NORTH AUGUSTA, SC (WJBF) – As session started back up this year for South Carolina lawmakers, a group of North Augusta citizens made sure their voices of concern about the Thomas Meriwether Monument made it to the statehouse in Columbia.  

“We were falling short with the City of North Augusta,” said one member from the group, Chris Hawkins, a concerned citizen.

Three years ago Kenton Makin with the Makin’ A Difference Show appealed to the North Augusta City Council to remove the Thomas Meriwether Monument sitting atop Georgia Avenue.  Now, he and other concerned citizens Richard Bush, Chris Hawkins and Jackson Webb are reaching out to another powerful group, the South Carolina legislature.

“We thought this was a good time to do this,” Makin told us.  “I have really been impressed with the community response to it thus far.  The legislators’ response was disappointingly expected.”

The group of concerned citizens dropped off 170 letters to the South Carolina General Assembly.  They penned a message to State Senators and State Representatives first brought to the North Augusta City Council in 2017 and later heard through the streets of the same community in the form of a march.

Read the group’s letter delivered to lawmakers.

Makin recalled, “September 2017 was when I challenged city council to not only denounce but to take it down.”

Hawkins added, “City Council seemed like they were running us in a loop, which they have been, so we decided to kind of take it a step up, which is when we went to the Attorney General.  Attorney General sent us up to the General Assembly and that’s where we ended up.”

This past July, South Carolina Attorney General Alan Wilson issued a six page opinion on whether the Heritage Act, a state law protecting monuments pertaining to wars or African Americans, applies to the Meriwether Monument.  He concluded:

“The Meriwether Monument is a abhorrent testament to Jim Crow and is thus offensive. And calls it a grossly inaccurate account of the Hamburg Massacre of 1876…mourning the death of a single white man while ignoring the murders of many African Americans.”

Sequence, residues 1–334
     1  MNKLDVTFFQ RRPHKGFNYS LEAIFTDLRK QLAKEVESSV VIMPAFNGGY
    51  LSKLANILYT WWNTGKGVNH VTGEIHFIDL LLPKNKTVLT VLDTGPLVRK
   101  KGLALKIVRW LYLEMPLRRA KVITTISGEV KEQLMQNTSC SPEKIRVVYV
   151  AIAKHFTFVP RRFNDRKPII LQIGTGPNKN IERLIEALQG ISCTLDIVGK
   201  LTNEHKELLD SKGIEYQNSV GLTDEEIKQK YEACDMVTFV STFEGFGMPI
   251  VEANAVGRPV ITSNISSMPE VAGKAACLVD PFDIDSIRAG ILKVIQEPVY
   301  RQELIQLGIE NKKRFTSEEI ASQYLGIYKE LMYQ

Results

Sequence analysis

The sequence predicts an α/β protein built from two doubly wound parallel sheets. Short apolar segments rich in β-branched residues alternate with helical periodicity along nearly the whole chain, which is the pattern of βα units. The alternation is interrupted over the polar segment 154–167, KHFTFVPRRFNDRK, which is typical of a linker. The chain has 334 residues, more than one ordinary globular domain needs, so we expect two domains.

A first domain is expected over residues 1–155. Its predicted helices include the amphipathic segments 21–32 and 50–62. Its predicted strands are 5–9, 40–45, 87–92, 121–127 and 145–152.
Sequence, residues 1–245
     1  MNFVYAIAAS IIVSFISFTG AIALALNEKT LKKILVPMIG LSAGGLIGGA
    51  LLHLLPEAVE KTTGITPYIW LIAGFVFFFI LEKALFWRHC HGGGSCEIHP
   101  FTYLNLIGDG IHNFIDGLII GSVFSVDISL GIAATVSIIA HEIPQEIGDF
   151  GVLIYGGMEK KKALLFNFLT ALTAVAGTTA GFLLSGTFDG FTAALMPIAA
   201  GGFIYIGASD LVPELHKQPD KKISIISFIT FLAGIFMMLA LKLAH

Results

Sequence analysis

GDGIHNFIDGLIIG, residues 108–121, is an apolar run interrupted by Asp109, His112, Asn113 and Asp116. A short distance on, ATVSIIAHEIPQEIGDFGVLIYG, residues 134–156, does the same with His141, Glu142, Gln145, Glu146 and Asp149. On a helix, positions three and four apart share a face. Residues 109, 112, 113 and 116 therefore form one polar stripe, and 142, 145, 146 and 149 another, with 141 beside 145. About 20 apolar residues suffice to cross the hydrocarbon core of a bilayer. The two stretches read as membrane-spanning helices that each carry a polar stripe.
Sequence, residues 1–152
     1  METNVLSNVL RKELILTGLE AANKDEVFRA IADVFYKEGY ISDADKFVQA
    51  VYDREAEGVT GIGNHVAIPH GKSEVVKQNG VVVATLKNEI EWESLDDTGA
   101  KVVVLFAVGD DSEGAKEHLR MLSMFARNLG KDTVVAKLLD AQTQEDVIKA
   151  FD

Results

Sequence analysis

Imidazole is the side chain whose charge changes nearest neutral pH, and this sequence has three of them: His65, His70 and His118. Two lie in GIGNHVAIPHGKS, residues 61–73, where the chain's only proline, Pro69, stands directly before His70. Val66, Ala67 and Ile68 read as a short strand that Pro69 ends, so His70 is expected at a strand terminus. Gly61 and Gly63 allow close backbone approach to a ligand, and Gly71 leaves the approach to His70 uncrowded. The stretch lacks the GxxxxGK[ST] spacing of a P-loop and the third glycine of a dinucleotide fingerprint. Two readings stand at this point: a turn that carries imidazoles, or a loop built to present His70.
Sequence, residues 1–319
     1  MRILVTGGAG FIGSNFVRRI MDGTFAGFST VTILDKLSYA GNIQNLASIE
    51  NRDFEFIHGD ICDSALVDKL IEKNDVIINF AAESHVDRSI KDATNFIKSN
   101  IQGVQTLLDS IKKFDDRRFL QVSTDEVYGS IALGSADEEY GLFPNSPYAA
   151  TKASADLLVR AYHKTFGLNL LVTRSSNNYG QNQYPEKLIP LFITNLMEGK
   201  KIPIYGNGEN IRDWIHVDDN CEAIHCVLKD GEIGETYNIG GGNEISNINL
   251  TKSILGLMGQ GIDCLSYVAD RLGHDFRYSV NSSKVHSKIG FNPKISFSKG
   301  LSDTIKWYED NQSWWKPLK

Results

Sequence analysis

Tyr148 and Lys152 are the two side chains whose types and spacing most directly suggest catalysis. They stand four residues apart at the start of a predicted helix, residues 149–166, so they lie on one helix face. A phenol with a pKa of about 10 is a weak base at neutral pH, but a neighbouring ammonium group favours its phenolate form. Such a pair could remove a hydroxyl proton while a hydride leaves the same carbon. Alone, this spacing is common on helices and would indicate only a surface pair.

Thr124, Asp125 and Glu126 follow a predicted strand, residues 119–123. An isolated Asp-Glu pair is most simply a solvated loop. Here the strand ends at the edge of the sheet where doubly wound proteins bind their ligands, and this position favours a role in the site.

South Carolina Attorney General Alan Wilson

While AG Wilson directed the group to the state legislature, so far Makin said no lawmakers have responded to the letter.

“Even before we handed the letters off, there was a certain energy and certain legislative ideas that have been brought forth, such as ‘if you try to take this monument down we want to have you [politicians in respective cities and towns] charged and suspended from office.’  Different ideas like that that don’t help bipartisan discourse,” he said referring to a proposed law in South Carolina that would penalize local politicians for removing historic monument.

“I mean it’s in the heart of North Augusta, as soon as you come across that bridge.  It’s not a good sign to send of unity that you’re claiming to be,” Hawkins said. “It’s an old relic from a past time that no longer exists.  It needs to be torn down completely so we can start anew.”

The North Augusta City Council announced back in August that the Calhoun Park Committee proposed to add three interpretive panels to provide the historical context of the events surrounding the Hamburg Massacre. And to explain why the Meriwether Monument sits where it does.  It also suggested a unity themed sculpture.  The council agreed the Heritage Act does not apply to the monument and stated ownership is still being determined. If the state legislature must be involved, leaders in both the state House and state Senate said they have no plans to revisit the act this year awaiting a lawsuit before the State Supreme Court on the legality of the Heritage Act.  

“It’s about forcing them to make the decision,” Makin said.  “Put it on the table.  Let it be a yes or no thing.”

Makin said if no decision is made soon, it will fall on North Augusta’s new city council members and new mayor.